Until the movie’s release, we don’t want to give away too much…
Autumn: Before I get into trouble.
Is there anything about The Devil’s Carnival that we can talk about that we’ve not covered?
Autumn: It’s such a huge movie with so many people in it, but I can tell you personally to look forward to the scene when David Hasselhoff yells in my face, and the tears are real; that’s all I really can say. The tears are real, and once you know that, you know why I went through a couple of weeks afterward of complete withdrawal and suffering through a really tumultuous and emotional ride, and recovering from that. When the tears are real, you’re actually not okay afterwards, and there are a lot of them! I learned that some people use the glycerin that they put in the eyes where they can cry automatically. Marc Senter, my gentleman who is an incredibly trained method actor, had said, ‘Oh, no. You don’t do that! This is real or you don’t show up.’ I thought, ‘There is no way in front of Marc Senter that I’m going to resort to using glycerin tears.’ It was quite an experience, but the result of that is that now I’ve found that place where the tears live. I had to find a place physically that feels like it’s just behind my actual heart, and I can now access it frighteningly well at any time. One of my biggest and most dramatically emotional scenes in this movie, Darren came over afterward – we were shooting at 4:00 in the morning, and it’s freezing, and I’m barefoot, my feet are cut up – and he asked me, ‘Are you okay? Guess what you just learned tonight. 1) You’re a badass actor! 2) You’ve just learned how to win any argument ever! Because if you can cry like that, nobody’s going to win.’ I didn’t even think of that, but yeah! Any argument I have, I’ve totally got this! It’s good, but now I’m recording the audiobook of The Asylum for Wayward Victorian Girls, and it’s also very dramatic and very emotional, and there are parts that you can imagine that someone is getting really worked up in some way. I found that as I was reading it that I was crying, and I had to wonder if people that are hired to read other people’s books are meant to go through this experience and start crying in the middle of a chapter. But I just know that I spend hours editing each chapter, and when you hear someone cry, especially yourself, you can’t help but feel something, and I’m not a crier. So, thank you to Darren Bousman and The Devil’s Carnival! A year before we shot this movie, they were in the middle of writing it, and I didn’t even know that I was a primary character in this thing, because there are so many characters that they could have chosen to follow, and maybe for the next one, they will follow others. Terrance sent me a text message that said, ‘Emilie, just a question: Can you cry on cue?’ And I thought, ‘Oh, shit! What is about to happen?’ And I just pensively said, ‘Yes,’ because I learned a rule as an actor that you always say yes. ‘Can you fence?’ ‘Yes sir, I can.’ ‘Can you ride a horse?’ ‘Absolutely!’ And between then and the time that they say, ‘Action,’ you better learn to ride that horse and fence. I was figuring this out and nobody complained, but now I can’t turn it off, and that’s my own issue to deal with. But I hope that people enjoy watching it as much as we did making it. I don’t have any expectations until people see it, and the truth is I haven’t seen the whole thing, and I kind of don’t want to because I’m terrified. I am in no way confident that I am any good; I just know that I did the best that I could, and I hope that it worked. I was not scared on the first one because I was basically being myself. Due to the ensemble cast and the new song that is not in English, I think there’s enough to work with that I’ll be okay.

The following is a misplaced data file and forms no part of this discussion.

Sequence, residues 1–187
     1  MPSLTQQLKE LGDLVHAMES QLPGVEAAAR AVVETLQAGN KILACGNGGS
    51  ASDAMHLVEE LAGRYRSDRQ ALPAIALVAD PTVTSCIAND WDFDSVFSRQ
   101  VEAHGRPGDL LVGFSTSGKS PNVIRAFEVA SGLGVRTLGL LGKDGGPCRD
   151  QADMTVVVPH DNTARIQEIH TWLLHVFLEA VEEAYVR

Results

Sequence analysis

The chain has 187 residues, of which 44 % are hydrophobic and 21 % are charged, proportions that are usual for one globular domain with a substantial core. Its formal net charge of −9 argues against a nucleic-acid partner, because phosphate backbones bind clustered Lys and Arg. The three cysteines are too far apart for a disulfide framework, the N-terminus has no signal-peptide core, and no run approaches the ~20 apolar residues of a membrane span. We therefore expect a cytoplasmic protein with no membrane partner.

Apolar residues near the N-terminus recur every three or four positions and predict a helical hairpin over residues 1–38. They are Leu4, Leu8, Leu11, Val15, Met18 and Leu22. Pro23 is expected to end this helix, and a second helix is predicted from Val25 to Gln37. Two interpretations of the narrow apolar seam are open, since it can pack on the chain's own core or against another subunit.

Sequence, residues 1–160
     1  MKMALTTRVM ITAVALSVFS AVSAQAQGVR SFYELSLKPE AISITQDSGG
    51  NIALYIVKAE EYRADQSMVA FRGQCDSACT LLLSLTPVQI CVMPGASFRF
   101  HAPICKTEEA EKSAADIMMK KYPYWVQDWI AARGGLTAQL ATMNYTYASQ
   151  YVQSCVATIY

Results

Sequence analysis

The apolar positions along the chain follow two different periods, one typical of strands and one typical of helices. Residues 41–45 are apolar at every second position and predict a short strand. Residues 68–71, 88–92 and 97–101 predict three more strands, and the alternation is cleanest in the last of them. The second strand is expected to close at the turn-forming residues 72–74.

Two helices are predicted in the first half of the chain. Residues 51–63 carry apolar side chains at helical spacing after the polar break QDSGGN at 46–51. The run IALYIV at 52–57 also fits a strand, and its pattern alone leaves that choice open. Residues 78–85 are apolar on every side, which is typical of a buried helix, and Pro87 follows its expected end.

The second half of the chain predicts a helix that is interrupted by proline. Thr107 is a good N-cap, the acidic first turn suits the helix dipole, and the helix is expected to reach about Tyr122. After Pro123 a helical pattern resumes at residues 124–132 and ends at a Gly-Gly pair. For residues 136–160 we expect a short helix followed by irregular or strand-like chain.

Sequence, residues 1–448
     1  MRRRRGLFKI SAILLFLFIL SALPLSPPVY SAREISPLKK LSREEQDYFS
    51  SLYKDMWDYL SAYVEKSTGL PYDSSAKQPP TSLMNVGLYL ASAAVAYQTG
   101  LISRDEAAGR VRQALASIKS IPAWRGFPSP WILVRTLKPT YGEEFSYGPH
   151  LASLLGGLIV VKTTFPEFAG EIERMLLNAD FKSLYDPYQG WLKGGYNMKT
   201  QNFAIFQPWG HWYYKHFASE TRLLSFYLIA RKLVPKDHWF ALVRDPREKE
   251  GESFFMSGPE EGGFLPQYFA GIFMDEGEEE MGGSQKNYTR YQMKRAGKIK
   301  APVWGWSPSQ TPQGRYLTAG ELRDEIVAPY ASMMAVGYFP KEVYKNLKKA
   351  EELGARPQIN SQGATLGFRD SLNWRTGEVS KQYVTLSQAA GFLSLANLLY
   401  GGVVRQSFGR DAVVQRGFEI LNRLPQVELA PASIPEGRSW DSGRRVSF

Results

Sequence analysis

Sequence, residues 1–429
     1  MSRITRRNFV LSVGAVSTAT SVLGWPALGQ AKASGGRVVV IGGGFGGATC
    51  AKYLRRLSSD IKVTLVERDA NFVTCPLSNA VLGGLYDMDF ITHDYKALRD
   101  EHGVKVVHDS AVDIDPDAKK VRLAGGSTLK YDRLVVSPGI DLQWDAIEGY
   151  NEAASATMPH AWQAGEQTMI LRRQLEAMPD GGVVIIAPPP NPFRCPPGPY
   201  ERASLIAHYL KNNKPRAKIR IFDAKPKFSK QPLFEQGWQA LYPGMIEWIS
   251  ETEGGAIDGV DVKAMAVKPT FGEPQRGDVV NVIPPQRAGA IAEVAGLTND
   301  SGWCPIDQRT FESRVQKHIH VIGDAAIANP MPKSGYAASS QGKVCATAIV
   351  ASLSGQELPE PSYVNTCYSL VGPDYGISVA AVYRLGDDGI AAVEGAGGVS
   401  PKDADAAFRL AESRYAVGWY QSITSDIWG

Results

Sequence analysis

At the very least, it will be interesting.
Autumn: Oh, definitely. Besides, we’ve got actual Broadway stars in this thing; anybody who is a fan of Adam Pascal, who is a two-time Tony nominee and is established from Rent and the revival of Cabaret on Broadway… this guy is legit, and he’s my co-star, my fellow lead. For that reason alone, anybody who don’t care about me or anyone else will be into this just because this guy is for real. We also have Ted Neeley…
The original Jesus Christ Superstar!
Autumn: Exactly! This is no joke! These people are amazing, and I actually don’t want to be a rock star; I want to be in theatre exclusively, and everything that I’ve done to this point has been amazing practice to grow a new sort of audience for what I want to do and create a really hardcore, down and dirty experience doing this. It’s such a huge blessing for me to have been in this second movie with all of these people because I’m now using them in my musical – they’re in it!
That leads into the question about what is next for you, because your last album was in 2012, and it’s been some time since you went on tour.
Autumn: I was on the Warped Tour a year ago, and before that, it was probably a half a year… my last proper tour was a year-and-a-half ago. The musical could have happened long before now had I not been touring, but that has all been to grow the audience and actually do the music that I’ve recorded and do the show that I do love, so touring was necessary. But it was also necessary to take a break to get this thing going, which has been the biggest project by far out of anything that I’ve ever done. Right now, we’re finding a venue for basically doing a preview mini-version in Los Angeles, and simply finding a venue has already taken three months. This is an immersive musical experience, and the whole idea is to take the asylum off the stage and bringing people inside of it and have the musical going on all around you. It’s not a rock musical, but it’s a proper theatrical production. What we did on the Warped Tour was basically a preview of what we were working on out in 105-degree heat everyday. That was a huge challenge, and if we can do that, then we can definitely pull this off inside an actual venue. As well, finding a place that allows all ages, which is so incredibly important to me, is incredibly difficult to do; especially in Los Angeles, which is not the most theatre-going town, and this will hopefully change that. You know that there are people that, through no fault of their own, are growing impatient and saying, ‘Hey, you’re on tour and you’re not putting out an album, and we want new stuff. What’s going on?’ And it’s like, ‘I’m trying to find a fucking venue that you’re allowed into!’ As we’re finishing this movie, as Darren is doing the color correction and we do the ADR, I’m doing the audiobook and began working with a proper booking agent to get the book to a proper publisher and get it out in a new form because I want this book out in a way that people can actually afford. I sold 50,000 of these gigantic asylum books thus far, and I think about how many more people can’t actually get this thing because it’s so expensive, because of the graphics, because it is so big, because I had to sell via my own personal website. So now, I am rewriting the book, changing a lot of things, and repackaging and rereleasing it on a global scale within the next year to make it something that is more readily available to the people who need to read it. Through all of this, we’re trying to find a damn venue to put a musical on, and it’s incredible how difficult things like this are, so things take so much more time than we all anticipate, but it’s going to be so worthwhile. The second Devil’s Carnival took longer to create for a lot of reasons than everyone had anticipated, and yet, had it been done a moment sooner, it would not have been this big and have had this many people in it for it to be this incredible thing. I don’t think there’s a single weak link in this chain.